Grand Aspirations is in a really interesting position. We aren’t working entirely outside of the system, as many activist groups strive to do, but we also aren’t entirely “in” with government and the system as it is. Through the Summer of Solutions program, and other programs that Solutionaries in Grand Aspirations are in the process of planning, we are transforming the ways in which young people interact with the systems we’ve inherited.

This past week, we’ve talked a lot about strategies we should use to make the solutions implemented and begun by our programs into realities. While the leadership gathering has focused on some national organization-building decisions, we have also had ample time to focus on our own programs, and share ideas from across the nation. After having met the amazing people dong this kind of work all over the country, I personally am very excited to keep up with them, and continue to learn about the wonderful work that’s going on, and how I can learn from their actions.

What I love about this model of doing things is that it connects the local solutions, which can be implemented on varying timelines, with national programs, basically facilitating an amazing idea-share so that our movement can grow and learn from successes on the local level. It’s a really beautiful movement that allows for personal growth as well as community growth.

This post is getting quite rambly, but there will be more to come. Hopefully soon we’ll have some videos to show for our work, so keep on the look out for some more news about what’s going on here.

Global Climate Change is an American Problem

I understand that some people don’t believe in climate change. I know that science disproves things, it doesn’t prove them. I am not willing to take the chance that we could lose our planet.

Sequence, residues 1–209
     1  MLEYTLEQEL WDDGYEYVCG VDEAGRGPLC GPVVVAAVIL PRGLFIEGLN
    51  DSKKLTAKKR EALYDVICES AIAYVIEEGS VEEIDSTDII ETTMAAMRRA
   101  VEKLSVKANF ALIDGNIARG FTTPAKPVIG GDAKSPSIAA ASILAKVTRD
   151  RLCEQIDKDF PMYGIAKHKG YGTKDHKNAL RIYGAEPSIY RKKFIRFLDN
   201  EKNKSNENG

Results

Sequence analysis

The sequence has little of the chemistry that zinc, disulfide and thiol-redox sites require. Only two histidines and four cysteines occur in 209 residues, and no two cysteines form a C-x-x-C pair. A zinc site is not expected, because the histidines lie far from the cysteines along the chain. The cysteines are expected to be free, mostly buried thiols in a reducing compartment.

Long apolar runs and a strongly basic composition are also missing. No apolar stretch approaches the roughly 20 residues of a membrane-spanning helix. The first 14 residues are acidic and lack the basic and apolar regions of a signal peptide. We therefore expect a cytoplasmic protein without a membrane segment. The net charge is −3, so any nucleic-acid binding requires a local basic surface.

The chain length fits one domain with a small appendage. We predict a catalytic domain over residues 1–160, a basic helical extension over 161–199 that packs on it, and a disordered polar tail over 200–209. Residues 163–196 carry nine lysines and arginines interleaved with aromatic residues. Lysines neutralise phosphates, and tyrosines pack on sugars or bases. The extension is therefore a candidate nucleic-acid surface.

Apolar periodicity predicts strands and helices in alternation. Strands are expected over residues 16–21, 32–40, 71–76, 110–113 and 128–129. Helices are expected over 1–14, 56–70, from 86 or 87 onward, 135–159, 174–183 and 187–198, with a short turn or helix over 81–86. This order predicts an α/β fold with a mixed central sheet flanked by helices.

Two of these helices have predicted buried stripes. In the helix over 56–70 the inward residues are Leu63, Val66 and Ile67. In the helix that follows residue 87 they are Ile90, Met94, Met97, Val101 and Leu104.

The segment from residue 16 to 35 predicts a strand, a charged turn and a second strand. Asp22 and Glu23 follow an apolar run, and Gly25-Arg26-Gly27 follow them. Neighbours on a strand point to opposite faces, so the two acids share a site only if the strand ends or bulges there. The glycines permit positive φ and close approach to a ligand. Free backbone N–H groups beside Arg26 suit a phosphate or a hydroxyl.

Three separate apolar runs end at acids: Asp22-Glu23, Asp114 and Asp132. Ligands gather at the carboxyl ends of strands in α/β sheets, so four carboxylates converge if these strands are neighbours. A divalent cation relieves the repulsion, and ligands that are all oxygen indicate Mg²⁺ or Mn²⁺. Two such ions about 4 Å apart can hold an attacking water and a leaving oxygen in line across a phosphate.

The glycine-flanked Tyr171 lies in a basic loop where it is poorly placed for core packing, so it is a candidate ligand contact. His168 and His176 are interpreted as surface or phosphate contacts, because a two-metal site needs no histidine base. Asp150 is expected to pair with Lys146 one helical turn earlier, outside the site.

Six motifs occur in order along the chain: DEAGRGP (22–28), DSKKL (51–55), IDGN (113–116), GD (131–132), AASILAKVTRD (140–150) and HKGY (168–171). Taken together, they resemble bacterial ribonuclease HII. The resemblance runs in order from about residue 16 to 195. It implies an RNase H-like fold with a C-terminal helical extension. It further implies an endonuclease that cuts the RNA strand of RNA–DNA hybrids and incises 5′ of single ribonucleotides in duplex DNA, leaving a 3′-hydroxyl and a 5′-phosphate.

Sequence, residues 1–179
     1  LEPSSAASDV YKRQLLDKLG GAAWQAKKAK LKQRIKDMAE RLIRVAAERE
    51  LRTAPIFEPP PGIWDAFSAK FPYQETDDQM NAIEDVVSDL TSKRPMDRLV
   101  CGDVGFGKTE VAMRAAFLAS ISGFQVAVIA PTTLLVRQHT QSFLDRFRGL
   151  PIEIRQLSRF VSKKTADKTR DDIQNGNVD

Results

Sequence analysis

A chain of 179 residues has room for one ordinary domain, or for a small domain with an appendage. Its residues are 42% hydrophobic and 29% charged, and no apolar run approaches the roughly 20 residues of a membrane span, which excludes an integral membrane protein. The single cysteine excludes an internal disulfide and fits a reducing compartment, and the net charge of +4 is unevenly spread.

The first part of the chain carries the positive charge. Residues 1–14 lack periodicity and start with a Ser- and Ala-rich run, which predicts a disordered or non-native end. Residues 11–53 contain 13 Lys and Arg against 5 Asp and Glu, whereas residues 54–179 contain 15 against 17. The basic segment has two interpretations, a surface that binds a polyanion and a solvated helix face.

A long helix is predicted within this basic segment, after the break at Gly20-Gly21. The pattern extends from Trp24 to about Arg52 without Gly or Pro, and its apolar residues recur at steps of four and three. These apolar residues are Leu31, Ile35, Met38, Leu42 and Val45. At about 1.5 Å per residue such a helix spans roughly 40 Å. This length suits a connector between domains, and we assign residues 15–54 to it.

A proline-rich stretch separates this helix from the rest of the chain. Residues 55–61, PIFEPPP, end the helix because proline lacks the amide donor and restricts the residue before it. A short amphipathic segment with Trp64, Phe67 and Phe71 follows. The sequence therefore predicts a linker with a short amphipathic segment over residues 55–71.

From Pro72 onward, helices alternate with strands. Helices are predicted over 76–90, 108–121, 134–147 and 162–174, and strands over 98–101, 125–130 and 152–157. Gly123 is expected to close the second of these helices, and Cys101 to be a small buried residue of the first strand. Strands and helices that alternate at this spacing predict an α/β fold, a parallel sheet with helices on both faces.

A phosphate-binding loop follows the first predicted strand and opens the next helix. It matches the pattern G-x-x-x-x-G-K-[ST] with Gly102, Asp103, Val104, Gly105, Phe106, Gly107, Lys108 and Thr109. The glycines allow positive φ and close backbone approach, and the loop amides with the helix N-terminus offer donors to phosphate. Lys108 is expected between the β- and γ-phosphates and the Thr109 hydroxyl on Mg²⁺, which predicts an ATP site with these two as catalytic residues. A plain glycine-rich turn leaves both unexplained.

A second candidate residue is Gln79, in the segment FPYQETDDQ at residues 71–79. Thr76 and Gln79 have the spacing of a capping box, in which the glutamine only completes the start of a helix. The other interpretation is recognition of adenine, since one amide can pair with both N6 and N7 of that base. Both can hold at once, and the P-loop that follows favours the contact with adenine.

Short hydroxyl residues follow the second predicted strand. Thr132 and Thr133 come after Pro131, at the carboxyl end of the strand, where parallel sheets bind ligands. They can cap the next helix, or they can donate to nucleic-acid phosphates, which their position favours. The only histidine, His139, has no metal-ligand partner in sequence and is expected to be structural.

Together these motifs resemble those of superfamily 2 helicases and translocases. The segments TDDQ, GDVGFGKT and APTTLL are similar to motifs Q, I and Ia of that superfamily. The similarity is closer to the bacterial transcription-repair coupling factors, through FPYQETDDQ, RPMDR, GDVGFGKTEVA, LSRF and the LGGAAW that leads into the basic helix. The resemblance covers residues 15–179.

I look at what happened in Copenhagen with anger – absolute fury – and with weariness. I feel that this is the greatest challenge of the day, and if we fail, we lose everything. But I also know that we are creatures of great potential, and that humans can withstand so much. I also feel that the changes that need to happen to make the future truly sustainable, will only help us.

As others have said in other forums before me, I believe that perhaps this failure at Copenhagen is necessary. Now, now we can get angry. Now the sense of urgency has heightened, and there is more potential to make real change within our nation.

Before I get too far ahead of myself, I feel it important to do a re-cap of what’s happened, so that all of my readers are on the same page.

For a comprehensive summary of the Copenhagen talks, you can refer to this post. It’s very accurate – I’ve checked it’s research cred, and it’s good. Here’s my brief summary:

1. According to National Public Radio news, the US and China were the two countries that mattered the most in these negotiations, and despite the meeting of leaders to talk about climate emissions weeks before the conference, were unable to reach an agreement before the conference started. This means that they weren’t able to have a strong agreement that they could spend the Copenhagen conference convincing other nations to sign on to the agreement. In other words, Obama hadn’t done the correct legwork to make Copenhagen a success.

2. A recent article on the Washington Post’s website summarized the final deal of the Copenhagen Talks thus: